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Reflections on my Dissertation Defense (with pictures!)

Boston harbor

On May 16th I defended my dissertation. For the most part I was able to enjoy the experience, though the actual defense portion with my committee was a little intimidating!

Because of my experience presenting about this work at multiple conferences over the years I felt very prepared to speak for half an hour about my work. Mostly I saw the experience as an opportunity to speak to the public about something I'm passionate about and what to share with others so I wasn't terribly nervous. At the same time, as you can imagine it was a much anticipated moment when my advisor turned to me and said,  "you're a doctor!" 

I don't often go to the University of Massachusetts Boston campus anymore so simply finding the room where I was to defend was a new experience. At first I was in the totally wrong building, somehow near the art studio classrooms, but some students sent me in the right direction! I knew I was getting close when I started to see the signs:

When I finally got to the correct room I decided it was important to take a pre-defense selfie. I also wanted to send a pic to Margaret who was out of town at a conference, but pumping me up all the same. After the brief selfie sesh, I made my way to the room where I was to make my defense. It was a new room in a new building where I'd never been before, but I quickly settled in because I actually only got there about ten minutes before my defense was schedule to begin!

Fortunately my friends Jason and Sophie were there, so we chatted which helped to settle my nerves before the big event. As you can see by my stance here, I was channelling all of the calming energy I could muster before beginning the presentation. Also thanks to Jason for taking many photos during the presentation.  I asked Sophie to audio record the presentation as well, but I'm not quite ready to listen back.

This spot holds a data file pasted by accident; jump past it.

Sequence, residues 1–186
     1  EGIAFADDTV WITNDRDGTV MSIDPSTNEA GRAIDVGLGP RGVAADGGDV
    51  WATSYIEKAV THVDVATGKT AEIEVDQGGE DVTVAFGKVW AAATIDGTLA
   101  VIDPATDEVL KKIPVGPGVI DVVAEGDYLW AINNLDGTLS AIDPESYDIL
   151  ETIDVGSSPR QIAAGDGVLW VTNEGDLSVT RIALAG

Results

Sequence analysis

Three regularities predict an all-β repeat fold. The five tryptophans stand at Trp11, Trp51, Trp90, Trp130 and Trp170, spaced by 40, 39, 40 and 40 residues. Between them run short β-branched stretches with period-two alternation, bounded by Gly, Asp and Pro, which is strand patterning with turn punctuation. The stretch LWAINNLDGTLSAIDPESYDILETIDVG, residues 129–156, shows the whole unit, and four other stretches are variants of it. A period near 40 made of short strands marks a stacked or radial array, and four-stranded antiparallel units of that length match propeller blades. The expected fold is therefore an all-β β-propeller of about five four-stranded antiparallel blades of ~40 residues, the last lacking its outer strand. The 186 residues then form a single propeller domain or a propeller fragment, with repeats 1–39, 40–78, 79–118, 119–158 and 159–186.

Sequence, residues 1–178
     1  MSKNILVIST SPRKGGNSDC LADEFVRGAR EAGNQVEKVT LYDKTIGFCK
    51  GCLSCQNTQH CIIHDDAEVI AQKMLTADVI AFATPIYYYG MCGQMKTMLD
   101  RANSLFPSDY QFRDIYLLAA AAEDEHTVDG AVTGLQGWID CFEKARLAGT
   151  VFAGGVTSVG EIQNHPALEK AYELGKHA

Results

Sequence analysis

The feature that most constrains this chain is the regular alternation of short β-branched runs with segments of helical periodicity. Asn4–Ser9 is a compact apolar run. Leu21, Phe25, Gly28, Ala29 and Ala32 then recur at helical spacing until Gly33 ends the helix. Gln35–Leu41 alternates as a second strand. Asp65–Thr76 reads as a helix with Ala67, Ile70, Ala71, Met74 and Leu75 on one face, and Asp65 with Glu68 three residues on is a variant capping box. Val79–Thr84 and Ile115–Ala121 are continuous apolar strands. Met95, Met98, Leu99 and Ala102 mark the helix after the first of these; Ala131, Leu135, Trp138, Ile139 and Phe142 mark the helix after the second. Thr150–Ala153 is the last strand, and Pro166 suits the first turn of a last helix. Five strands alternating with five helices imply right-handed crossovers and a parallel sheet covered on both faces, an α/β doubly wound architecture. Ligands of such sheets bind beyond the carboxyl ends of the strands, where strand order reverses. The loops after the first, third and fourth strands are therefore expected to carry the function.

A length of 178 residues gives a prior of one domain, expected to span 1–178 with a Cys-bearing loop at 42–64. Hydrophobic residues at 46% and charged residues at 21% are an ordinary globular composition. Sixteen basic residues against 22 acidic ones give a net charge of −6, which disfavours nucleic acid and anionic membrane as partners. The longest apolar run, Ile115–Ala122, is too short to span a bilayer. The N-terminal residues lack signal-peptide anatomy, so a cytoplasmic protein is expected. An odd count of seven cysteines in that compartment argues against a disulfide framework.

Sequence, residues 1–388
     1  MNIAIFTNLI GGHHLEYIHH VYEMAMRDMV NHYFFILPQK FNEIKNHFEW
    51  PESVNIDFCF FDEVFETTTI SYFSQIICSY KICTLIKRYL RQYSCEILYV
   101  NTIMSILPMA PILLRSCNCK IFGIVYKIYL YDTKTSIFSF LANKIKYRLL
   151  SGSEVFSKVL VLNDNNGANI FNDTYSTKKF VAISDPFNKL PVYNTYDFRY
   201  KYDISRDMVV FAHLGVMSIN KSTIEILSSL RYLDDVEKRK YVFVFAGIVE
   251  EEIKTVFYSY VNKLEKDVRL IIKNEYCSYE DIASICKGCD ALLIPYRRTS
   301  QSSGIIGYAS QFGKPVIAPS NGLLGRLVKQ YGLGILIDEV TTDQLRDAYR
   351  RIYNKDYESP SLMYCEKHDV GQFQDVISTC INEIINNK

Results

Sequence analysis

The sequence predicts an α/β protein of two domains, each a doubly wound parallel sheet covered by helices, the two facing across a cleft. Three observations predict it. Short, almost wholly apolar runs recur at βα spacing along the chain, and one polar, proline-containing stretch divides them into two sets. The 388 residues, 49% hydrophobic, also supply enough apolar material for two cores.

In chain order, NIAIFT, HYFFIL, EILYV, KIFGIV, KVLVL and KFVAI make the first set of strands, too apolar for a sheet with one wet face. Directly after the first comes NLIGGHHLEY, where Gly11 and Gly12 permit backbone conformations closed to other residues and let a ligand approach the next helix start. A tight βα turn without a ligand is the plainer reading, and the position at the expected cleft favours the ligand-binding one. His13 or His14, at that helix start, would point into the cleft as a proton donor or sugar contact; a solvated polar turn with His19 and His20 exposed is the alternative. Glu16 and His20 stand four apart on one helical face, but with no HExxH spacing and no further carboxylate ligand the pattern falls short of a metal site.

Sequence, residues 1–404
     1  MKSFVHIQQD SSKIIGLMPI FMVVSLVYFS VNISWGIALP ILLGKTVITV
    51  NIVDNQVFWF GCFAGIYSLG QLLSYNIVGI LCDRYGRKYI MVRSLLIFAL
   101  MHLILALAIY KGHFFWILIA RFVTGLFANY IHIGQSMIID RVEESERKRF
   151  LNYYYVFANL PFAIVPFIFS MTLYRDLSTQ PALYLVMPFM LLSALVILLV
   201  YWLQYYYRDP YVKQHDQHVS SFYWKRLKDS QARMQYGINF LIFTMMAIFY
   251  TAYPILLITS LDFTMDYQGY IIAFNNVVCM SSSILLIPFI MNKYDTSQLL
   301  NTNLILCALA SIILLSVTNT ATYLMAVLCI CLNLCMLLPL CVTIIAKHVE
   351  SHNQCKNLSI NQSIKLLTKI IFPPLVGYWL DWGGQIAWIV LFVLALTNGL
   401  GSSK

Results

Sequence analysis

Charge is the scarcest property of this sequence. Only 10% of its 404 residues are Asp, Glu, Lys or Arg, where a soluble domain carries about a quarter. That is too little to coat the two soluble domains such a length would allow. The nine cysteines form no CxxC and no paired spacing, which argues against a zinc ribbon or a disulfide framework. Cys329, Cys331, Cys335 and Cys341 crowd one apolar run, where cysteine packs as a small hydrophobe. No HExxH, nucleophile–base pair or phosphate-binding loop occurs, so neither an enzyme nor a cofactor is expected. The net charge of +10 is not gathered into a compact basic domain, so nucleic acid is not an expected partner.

We had some minor hiccups with getting all the committee members situated, and then it began. I wowwed the crowd, they were riveted, enthralled and spellbound.

A mere 30 minutes later, I rounded the corner and hit them with the conclusion. The audience listened with rapt attention as my slideshow came to a close, hand gestures in full force.

After the presentation came the 30 minutes for questions. This is the moment where you hope there are lots of questions about something you've just spent five years working on. Good news! They had questions and even better news: I had answers. 

After the questions I breathed a sigh of relief, gave a side eye to my friends, and took a much-needed seat.

The actual defense where I chatted with my committee members has no photographic evidence because everyone was kicked out of the room for this top secret discussion. My committee members each talked to me about questions and concerns they had about my manuscript, future writing prospects and what's next for me after the defense for about half an hour. The time flew by and although I was advised to simply see the experience as an opportunity to get valuable feedback, the situation had a me a little tense.

At this point I was asked to leave to room and roam the halls like a normal person for an indeterminate time until they called me back in with their decision on the biggest pass/fail of my life. Cue elevator music.


Friends, guess what? They all decided to pass me! And now I'm:

Dr. Jamie J. Hagen, PhD

I immediately started to talk to my advisor about timeline for edits and what I needed to do next and he basically looked at me like I was bonkers and asked me to please go leave and have some fun somewhere else now. Cut to the nachos I had at Taco Party afterwards with Jason: 

The reality that I've come to the end of my doctoral program is still settling in. In less than a few weeks I begin my post-doctoral work as the ISA James N. Rosenau Post-Doctoral Fellow and will work on turning my dissertation manuscript into a book. Until then, I'm doing my best to enjoy a little down time this summer with lots of travel, adventures with friends, petting of cats, time with Margaret and even more vegan nachos before a busy fall of writing, writing, writing. 

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